The release of cortisol in acute illness is essential for cardiovascular, metabolic, and immunologic homeostasis. The rationale for a presumed prognostic value of cortisol is due mainly to its positive correlation with the stress level associated with illness. A higher level of proinflammatory cytokines in patients with worse outcome, that is, nonsurvivors, could additionally lead to a more pronounced increase in cortisol as the strongest known natural inhibitor of inflammation (25). However, levels of C-reactive protein, as one example of an inflammatory mediator, were similar in survivors and nonsurvivors. Indeed, in critically ill patients a strong association of cortisol with outcome has previously been reported (4–10). Conversely, low unstimulated cortisol levels in septic patients can also predict absolute or relative adrenal insufficiency (24, 26). On the basis of our study, serum cortisol concentrations are also a prognostic parameter in mild to severe CAP. Interestingly, in this study low cortisol levels were not associated with poor outcome in our study cohort. Indeed, the mortality among patients with relatively low levels was about half of that in the cohort as a whole, although possibly due to the small numbers involved this did not attain statistical significance. It is possible that in our series the absence of patients taking any form of adrenolytic drug excluded the possibility that there was any form of iatrogenic, and hence deleterious, hypoadrenalism. Alternatively, there may be two factors in operation, one directly associating serum cortisol with mortality, and one operating at low cortisol levels to increase mortality, such that at low cortisol levels these cancel each other out. Whatever the explanation, the overriding factor associated with poor outcome was increased cortisol, however measured. Indeed, there is a debate concerning the definition of relative adrenal insufficiency, its treatment, and the identification of patients at risk (1). In a small study, low-dose hydrocortisone infusion appeared to be beneficial (27); however, these preliminary data need to confirmed in a larger study before it can be recommended. Our findings of an association of high cortisol levels with worse outcome question the rationale of hydrocortisone treatment in patients with CAP. However, our study population was different from the population included in the study by Confalonieri and coworkers (27). Whereas they included mainly mechanically ventilated patients in an intensive care unit, we investigated patients presenting to an emergency department with all classes of PSI. Alternatively, it may also be speculated that despite the marked increase in circulating cortisol in severe CAP, this concentration is not high enough to counterbalance the inflammatory response.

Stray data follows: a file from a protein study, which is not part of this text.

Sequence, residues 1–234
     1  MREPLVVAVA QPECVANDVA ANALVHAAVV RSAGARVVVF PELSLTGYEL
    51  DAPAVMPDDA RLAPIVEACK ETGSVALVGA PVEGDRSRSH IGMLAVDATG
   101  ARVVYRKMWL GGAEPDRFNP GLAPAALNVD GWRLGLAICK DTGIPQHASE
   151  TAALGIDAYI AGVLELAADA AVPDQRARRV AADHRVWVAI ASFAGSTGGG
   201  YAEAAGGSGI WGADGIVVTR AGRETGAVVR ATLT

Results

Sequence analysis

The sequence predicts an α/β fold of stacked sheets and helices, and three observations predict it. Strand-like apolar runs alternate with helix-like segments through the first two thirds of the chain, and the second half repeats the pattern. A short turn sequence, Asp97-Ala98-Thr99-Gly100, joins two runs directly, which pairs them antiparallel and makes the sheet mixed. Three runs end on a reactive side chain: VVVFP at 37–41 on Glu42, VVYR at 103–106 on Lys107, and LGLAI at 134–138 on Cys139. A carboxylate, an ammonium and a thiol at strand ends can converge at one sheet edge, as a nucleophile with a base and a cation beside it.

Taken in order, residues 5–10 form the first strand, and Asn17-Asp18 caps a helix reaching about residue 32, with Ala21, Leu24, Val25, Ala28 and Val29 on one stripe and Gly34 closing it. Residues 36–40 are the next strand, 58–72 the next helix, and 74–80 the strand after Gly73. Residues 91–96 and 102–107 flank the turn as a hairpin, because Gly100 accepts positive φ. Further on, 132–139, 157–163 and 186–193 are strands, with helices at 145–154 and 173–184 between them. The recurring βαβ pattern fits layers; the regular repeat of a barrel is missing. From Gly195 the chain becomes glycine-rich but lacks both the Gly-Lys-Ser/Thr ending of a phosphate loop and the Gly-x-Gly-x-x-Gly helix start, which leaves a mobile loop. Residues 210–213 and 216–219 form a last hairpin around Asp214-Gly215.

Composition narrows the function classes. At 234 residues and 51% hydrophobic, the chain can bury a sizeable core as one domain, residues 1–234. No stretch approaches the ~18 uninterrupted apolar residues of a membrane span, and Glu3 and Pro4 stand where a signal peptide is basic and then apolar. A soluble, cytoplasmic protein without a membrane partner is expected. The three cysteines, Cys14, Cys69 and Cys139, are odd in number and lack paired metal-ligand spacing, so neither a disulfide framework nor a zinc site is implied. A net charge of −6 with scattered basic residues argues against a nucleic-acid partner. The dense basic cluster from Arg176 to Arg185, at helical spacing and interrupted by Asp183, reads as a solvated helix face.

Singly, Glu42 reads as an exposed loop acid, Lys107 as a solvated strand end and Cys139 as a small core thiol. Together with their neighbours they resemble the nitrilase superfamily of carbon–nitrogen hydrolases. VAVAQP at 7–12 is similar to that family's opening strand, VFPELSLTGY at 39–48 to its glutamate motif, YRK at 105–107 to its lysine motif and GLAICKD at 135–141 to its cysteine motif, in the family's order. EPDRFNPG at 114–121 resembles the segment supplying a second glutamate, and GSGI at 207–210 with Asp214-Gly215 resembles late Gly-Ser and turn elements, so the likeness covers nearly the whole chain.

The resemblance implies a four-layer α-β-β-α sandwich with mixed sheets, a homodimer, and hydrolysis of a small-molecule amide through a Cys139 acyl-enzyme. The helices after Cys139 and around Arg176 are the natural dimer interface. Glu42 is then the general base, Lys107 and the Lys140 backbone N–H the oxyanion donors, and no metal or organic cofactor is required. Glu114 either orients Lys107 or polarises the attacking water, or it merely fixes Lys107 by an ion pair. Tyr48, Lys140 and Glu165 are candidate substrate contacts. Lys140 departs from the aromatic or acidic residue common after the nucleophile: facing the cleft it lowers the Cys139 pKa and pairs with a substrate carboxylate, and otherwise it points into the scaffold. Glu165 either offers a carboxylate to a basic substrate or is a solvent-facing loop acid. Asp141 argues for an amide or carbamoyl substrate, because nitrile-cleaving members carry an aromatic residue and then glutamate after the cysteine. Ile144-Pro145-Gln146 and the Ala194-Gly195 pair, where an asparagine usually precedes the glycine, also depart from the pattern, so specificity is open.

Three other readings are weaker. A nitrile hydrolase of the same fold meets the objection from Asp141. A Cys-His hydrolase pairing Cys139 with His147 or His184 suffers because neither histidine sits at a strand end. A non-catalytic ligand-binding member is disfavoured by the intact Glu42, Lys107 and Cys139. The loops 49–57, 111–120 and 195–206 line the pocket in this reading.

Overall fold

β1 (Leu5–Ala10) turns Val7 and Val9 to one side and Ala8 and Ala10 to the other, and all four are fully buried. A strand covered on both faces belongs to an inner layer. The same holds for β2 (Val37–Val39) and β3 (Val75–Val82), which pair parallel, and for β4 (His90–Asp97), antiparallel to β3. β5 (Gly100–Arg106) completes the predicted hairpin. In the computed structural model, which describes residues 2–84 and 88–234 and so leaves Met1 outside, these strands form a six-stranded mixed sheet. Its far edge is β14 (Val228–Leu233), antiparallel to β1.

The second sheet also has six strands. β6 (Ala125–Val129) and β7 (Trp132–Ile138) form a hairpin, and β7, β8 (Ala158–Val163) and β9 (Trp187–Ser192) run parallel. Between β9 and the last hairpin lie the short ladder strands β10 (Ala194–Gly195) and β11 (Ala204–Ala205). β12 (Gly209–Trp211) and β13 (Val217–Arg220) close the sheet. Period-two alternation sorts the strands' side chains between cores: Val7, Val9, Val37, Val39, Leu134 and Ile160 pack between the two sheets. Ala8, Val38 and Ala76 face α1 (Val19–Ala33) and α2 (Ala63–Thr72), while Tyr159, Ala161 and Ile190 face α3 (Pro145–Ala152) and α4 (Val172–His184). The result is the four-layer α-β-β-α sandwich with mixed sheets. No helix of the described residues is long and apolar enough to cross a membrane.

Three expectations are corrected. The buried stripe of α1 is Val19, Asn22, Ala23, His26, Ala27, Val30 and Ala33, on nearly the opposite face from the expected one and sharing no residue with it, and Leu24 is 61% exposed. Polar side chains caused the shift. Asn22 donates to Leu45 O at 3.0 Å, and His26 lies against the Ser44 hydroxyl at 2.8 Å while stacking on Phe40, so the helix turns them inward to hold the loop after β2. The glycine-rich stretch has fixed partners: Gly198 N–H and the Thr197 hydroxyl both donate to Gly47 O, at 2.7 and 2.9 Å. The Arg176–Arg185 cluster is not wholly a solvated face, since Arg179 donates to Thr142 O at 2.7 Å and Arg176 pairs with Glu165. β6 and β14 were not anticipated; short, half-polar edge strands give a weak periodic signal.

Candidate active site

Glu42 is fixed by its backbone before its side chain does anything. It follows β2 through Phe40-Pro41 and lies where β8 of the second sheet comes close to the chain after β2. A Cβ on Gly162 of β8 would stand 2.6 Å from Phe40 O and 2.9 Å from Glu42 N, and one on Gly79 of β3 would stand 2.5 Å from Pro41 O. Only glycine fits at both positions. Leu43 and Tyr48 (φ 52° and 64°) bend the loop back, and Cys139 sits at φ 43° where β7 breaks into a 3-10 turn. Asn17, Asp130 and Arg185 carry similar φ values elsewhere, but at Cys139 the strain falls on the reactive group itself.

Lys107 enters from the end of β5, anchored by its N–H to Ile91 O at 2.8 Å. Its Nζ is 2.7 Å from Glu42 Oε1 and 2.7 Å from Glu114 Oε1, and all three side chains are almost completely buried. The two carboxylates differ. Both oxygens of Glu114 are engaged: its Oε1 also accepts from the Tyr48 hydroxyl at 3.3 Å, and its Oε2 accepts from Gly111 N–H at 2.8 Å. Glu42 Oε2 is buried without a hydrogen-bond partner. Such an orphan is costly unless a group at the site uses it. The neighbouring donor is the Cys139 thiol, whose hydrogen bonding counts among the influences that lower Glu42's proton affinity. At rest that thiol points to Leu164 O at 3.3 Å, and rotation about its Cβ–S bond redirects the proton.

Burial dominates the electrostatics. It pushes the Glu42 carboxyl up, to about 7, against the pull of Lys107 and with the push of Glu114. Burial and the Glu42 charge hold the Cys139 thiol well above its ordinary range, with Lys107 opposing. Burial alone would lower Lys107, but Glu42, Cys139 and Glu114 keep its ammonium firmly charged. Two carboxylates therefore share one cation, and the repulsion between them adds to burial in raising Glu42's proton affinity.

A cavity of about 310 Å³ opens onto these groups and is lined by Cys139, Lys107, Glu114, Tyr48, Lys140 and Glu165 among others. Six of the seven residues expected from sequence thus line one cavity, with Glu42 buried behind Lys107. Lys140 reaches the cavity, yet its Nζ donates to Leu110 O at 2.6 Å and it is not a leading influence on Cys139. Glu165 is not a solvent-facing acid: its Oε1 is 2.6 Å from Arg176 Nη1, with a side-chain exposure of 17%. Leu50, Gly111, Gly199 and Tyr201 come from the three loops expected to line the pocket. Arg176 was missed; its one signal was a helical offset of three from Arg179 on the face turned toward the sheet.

In general, it is assumed that the biologically active fraction of cortisol to which tissues are exposed is free cortisol. Specifically, in critically ill patients there is a fall in binding proteins such that total cortisol levels no longer accurately reflect the free fraction (11, 28). Our newly developed assay for free cortisol used in this study has been validated (19), and has certain advantages over other, commercially available assays. In a standardized model of acute major surgical stress, circulating free cortisol levels showed a more pronounced increase with major stress as compared with total cortisol levels, followed by a more pronounced decrease after resolution of major stress. Although total cortisol levels show a similar increase with major stress as compared with adrenocorticotropic hormone stimulation, the increase in free cortisol was more pronounced than with the surgical stress (19). Nevertheless, although such an assay might have been predicted to better correlate with clinical outcomes compared with total cortisol, free cortisol in our study was no better predictor than total cortisol. However, although albumin levels were slightly lower in nonsurvivors compared with survivors of CAP, the binding protein levels did not correlate strongly with pneumonia severity as assessed with the PSI. This was in contrast to our previous study including patients with major surgical stress. Therefore, in less critically ill patients such as our patients with CAP, fluctuations of cortisol-binding proteins (such as albumin and cortisol-binding globulin) may become less relevant, diminishing any potential advantages of an assay measuring the free hormone. Only 5% of the patients in our study had serum albumin levels below 2 g/L and in only 19% was it below 2.5 g/L. Taken together, these findings suggest that the prediction of outcome is not primarily related to the free fraction of cortisol in CAP.